Orexins: from neuropeptides to energy homeostasis and sleep/wake regulation

J Mol Med (Berl). 2002 Jun;80(6):329-42. doi: 10.1007/s00109-002-0322-x. Epub 2002 Apr 5.


The neuropeptides orexin A and orexin B (also called hypocretin 1 and 2) were recently discovered by a "reverse pharmacology" approach as ligands for two previously orphan G protein coupled receptors: orexin receptors 1 and 2. Neurons producing orexins are located exclusively in the lateral hypothalamic area but project broadly to various parts of the brain, and they have been implicated in the control of energy homeostasis and arousal maintenance. The orexin receptors are also broadly expressed in the central nervous system. Murine and canine models suggest that defective signaling in the orexin system is responsible for the sleep/wake disorder narcolepsy. Although narcoleptic patients rarely have genetic defects in the orexin system, they lack these neuropeptides in the brain and cerebrospinal fluid, indicating that human narcolepsy is an orexin deficiency syndrome in the majority of cases. A connection between sleep/wake regulation and energy homeostasis is hypothesized with orexin neuropeptides as a molecular link.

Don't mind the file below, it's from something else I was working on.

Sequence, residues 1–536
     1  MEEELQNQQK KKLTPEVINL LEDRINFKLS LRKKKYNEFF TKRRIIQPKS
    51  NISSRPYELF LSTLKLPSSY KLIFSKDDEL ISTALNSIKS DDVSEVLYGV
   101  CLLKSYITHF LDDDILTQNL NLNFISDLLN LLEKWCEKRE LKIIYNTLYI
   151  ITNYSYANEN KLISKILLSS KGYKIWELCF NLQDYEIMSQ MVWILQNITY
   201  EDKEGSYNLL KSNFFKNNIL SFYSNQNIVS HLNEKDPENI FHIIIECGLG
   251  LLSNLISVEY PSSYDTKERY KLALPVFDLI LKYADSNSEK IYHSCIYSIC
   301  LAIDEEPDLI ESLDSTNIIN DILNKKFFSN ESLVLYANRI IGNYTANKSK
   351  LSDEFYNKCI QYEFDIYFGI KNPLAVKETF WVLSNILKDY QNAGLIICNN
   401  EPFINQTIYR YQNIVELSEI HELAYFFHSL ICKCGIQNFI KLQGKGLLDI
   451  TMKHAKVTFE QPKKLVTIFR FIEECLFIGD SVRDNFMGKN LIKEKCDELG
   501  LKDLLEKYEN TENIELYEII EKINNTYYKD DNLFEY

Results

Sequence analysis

Publication types

  • Review

MeSH terms

  • Animals
  • Carrier Proteins / physiology*
  • Disease Models, Animal
  • Dogs
  • Energy Metabolism
  • Homeostasis / physiology*
  • Humans
  • Intracellular Signaling Peptides and Proteins*
  • Mice
  • Narcolepsy / physiopathology*
  • Narcolepsy / therapy
  • Neuropeptides / physiology*
  • Orexin Receptors
  • Orexins
  • Receptors, G-Protein-Coupled
  • Receptors, Neuropeptide / metabolism
  • Sleep / physiology*
  • Wakefulness / physiology*


  • Carrier Proteins
  • HCRT protein, human
  • Intracellular Signaling Peptides and Proteins
  • Neuropeptides
  • Orexin Receptors
  • Orexins
  • Receptors, G-Protein-Coupled
  • Receptors, Neuropeptide